Over time Muizenberg gained popularity as a sea side resort, the Southern Train Line increased the number of visitors to the resort and a number of palatial homes were built. Due to the increased traffic the South African Railways decided to build a new Station in 1911 that would embody the importance of Muizenberg. Architect J.C. Tully designed the Edwardian structure which took near on two years to build. It was opened on 7 June 1913 by the Minister of Railways and Harbours, the Honourable Henry Burton. The station was declared a National Monument under old NMC legislation in 1982.
John Collingwood Tully was born in 1855 in Newcastle-on-Tyne, England. He articled as a Premium pupil to Robert J Johnson of Austin Johnson & Hicks, a well-known practitioner of the Gothic Revival style in Newcastle-on-Tyne for five years. Tully moved to South Africa in 1889 and worked as a clerk of works in Johannesburg and Bloemfontein before moving to Cape Town to work on Groote Schuur by Herbert Baker on the first reconstruction for CJ Rhodes (1894-1897). He was married in 1896 and entered into partnership with Spencer Waters in Cape Town in 1897. In 1910 he moved to Pietermaritzburg where is lived until he passed away in 1929, although his death certificate is not available.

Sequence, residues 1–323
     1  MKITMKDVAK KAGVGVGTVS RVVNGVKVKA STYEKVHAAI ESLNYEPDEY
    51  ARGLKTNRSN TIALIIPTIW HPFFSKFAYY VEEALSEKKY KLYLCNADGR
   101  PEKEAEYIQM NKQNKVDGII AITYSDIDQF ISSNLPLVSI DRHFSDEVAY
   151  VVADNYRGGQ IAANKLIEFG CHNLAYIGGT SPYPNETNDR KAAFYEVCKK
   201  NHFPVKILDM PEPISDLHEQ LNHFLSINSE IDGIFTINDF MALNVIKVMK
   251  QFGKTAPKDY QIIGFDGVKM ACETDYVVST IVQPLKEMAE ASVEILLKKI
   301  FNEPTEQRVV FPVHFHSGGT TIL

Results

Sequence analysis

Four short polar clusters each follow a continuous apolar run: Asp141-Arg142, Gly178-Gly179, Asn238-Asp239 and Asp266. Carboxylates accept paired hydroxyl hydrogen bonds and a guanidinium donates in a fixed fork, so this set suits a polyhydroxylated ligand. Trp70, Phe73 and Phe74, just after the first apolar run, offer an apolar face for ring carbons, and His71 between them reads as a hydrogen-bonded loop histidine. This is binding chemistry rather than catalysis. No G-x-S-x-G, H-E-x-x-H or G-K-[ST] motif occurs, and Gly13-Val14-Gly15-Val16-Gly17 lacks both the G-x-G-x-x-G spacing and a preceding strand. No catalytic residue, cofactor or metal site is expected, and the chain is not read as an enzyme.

Muizenberg was also the destination of the first South African airmail – sent from Kenilworth on 27 December 1911. for more history on Muizenberg and the station visit:
I recommend a trip to Muizenberg, We will be going back next weekend to walk from Muizenberg to Kalk bay. During the summer this area is a buzz with tourists and the main road is always jammed with traffic.